"It is necessary that arrangements be made immediately to obtain comprehensive and collision insurance coverage on your automobile. Please contact your agent TODAY!
"If you are unable to obtain satisfactory insurance coverage within a few days, please stop in or phone our office. We will assist in obtaining the proper insurance coverage for you.
"It is absolutely necessary that you comply with this request. Please give it your immediate attention.
After receiving the above letter from defendant the plaintiff took the action which resulted in the reinstatement of the insurance effective the date of the cancellation so that coverage afforded by the policy was continuous and without lapse. The plaintiff then went to defendant's office and explained to one of defendant's employees that he had gotten the insurance reinstated. Plaintiff testified that defendant's employee, with whom he spoke, told him "it is all right now; everything is straight." Defendant thereafter repossessed plaintiff's car by the use of self-help repossession.
The evidence presented at trial presents some evidence from which a jury might infer that the letter from defendant to plaintiff constituted an offer by defendant to waive its rights arising from the default caused by the failure to timely pay the insurance premium if plaintiff could arrange for the reinstatement of insurance within a reasonable time. The jury would also have been authorized to conclude that defendant's action constituted an acceptance of that offer.
The question remains as to whether there was any evidence authorizing a verdict for punitive damages. As defendant states, to authorize the imposition of punitive or exemplary damages there must be evidence of wilful misconduct, malice, fraud, wantonness or oppression or that entire want of care which would raise the presumption of a conscious indifference to consequences. We believe that the evidence of actions on the part of the defendant should have been submitted to the jury for its determination of whether such actions amounted to a wilful inducement to plaintiff to expend the resources of time and money to obtain reinstatement of the insurance only to have his automobile repossessed by defendant after learning that plaintiff had succeeded in this task. A jury issue remains as to whether such evidence shows the elements of wilful misconduct, malice, wantonness, oppression as would authorize the right of a verdict for punitive damages. Also some evidence is shown of the five essential elements of fraud as it may be inferred from defendant's actions that the implicit representation made by defendant to plaintiff that no acceleration of the debt would occur if plaintiff arranged prompt reinstatement of the insurance was knowingly false when made and with the intention and purpose of deceiving the plaintiff; that plaintiff relied on defendant's misrepresentation and sustained losses as the proximate result of those misrepresentations having been made. The issue of punitive damages required determination by the jury, therefore the trial court erred in directing the verdict as to plaintiff's claim for punitive damages.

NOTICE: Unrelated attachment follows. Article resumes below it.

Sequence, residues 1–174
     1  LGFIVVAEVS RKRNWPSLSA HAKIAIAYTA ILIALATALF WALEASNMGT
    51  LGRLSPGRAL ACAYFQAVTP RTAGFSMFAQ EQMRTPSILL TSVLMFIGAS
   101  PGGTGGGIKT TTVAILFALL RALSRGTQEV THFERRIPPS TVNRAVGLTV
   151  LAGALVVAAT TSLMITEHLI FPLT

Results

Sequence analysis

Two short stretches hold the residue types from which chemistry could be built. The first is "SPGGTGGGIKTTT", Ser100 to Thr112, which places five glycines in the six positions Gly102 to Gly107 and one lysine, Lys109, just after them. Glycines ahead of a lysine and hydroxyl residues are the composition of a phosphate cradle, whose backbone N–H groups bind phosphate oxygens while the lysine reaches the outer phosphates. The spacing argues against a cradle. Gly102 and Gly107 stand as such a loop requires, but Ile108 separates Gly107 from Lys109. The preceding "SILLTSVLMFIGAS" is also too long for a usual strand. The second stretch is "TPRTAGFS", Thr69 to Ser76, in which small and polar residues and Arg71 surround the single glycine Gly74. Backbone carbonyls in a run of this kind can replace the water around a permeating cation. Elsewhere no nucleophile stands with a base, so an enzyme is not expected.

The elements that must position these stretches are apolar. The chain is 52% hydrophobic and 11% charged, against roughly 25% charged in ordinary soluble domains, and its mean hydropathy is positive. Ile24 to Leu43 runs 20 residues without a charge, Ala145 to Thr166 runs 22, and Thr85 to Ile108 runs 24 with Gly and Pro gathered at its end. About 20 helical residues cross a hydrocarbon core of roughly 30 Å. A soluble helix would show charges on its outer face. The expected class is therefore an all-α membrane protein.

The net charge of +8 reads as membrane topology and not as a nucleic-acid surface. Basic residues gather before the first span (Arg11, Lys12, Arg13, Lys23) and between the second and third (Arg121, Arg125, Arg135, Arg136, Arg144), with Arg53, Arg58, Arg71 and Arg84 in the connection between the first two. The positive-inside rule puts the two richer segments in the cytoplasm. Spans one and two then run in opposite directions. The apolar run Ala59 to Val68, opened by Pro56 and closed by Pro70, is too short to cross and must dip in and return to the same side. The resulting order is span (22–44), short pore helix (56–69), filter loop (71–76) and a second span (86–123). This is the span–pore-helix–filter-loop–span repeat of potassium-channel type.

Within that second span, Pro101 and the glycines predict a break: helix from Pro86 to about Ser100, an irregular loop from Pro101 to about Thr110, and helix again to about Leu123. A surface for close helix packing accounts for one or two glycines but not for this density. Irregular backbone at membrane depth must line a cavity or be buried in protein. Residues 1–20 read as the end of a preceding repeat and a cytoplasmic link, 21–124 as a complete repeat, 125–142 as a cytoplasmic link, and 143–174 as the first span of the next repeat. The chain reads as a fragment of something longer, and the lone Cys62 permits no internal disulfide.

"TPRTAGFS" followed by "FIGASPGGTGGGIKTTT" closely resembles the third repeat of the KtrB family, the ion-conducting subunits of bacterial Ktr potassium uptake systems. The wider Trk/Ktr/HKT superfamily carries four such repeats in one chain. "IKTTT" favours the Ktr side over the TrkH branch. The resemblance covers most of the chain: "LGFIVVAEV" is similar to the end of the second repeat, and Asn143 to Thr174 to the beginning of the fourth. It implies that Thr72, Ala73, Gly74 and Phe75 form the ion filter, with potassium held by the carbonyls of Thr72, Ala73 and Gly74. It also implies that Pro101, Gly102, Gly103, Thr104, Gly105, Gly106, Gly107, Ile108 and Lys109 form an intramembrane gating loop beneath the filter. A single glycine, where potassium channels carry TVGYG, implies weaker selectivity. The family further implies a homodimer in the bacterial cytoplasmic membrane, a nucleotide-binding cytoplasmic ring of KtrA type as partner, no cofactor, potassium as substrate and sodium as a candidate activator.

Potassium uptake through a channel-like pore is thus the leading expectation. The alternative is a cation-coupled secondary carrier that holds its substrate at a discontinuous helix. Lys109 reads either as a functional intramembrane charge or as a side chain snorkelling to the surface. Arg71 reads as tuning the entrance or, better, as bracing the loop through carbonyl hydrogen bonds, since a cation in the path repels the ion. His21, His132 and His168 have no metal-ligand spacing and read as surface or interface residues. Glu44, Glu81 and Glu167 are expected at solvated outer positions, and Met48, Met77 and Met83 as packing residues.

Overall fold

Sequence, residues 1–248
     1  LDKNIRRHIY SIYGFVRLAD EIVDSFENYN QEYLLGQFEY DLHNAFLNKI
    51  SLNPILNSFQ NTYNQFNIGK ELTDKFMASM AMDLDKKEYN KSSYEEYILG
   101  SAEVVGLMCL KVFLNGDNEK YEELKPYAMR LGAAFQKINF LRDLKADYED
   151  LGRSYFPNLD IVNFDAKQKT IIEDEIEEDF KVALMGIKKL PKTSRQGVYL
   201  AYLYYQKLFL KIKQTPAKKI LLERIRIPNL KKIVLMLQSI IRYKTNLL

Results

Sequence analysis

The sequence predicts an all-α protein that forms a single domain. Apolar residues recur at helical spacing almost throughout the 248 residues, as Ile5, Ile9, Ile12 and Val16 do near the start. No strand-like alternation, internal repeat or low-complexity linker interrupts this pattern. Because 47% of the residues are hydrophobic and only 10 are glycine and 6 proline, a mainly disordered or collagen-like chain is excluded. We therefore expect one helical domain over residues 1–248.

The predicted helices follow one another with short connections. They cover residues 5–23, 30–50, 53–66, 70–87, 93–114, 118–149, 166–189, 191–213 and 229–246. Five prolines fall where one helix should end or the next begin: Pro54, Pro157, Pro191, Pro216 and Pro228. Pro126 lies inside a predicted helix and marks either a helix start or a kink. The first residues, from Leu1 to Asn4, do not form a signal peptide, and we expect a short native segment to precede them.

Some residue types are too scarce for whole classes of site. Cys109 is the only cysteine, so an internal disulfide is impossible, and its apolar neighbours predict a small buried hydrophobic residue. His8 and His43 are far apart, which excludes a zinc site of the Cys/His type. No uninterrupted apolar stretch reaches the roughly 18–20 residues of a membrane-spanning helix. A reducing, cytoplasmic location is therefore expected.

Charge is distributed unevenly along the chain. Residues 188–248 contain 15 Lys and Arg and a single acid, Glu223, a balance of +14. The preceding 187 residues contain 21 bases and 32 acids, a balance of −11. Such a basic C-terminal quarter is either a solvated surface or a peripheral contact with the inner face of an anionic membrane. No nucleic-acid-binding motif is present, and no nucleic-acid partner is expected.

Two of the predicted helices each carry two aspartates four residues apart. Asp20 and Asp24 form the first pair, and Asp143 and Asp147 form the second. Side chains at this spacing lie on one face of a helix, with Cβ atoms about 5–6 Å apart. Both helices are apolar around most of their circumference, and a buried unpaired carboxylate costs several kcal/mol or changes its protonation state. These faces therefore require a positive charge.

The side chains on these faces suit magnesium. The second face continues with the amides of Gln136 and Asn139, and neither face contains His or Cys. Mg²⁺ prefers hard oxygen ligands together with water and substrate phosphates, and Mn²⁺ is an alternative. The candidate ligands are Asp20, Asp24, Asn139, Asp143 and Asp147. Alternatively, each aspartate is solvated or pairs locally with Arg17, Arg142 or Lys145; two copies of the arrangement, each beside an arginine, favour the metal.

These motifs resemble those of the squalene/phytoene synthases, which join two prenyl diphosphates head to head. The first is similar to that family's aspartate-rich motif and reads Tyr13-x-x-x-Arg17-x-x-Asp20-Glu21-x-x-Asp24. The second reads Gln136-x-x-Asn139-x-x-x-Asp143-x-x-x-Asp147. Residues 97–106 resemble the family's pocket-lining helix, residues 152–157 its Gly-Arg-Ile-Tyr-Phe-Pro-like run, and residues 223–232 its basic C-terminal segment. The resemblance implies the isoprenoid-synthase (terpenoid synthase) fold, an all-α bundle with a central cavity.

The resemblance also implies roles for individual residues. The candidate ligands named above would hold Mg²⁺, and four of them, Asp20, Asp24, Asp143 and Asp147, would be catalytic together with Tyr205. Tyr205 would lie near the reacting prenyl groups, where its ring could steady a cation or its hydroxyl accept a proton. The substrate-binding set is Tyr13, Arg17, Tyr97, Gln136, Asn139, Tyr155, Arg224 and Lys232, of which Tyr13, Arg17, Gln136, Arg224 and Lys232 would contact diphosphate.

John L. Green, for appellee.
Scott Walters, Jr., Jimmy D. Harmon, for appellant.
DECIDED SEPTEMBER 14, 1981.
Thursday May 21 22:58 EDT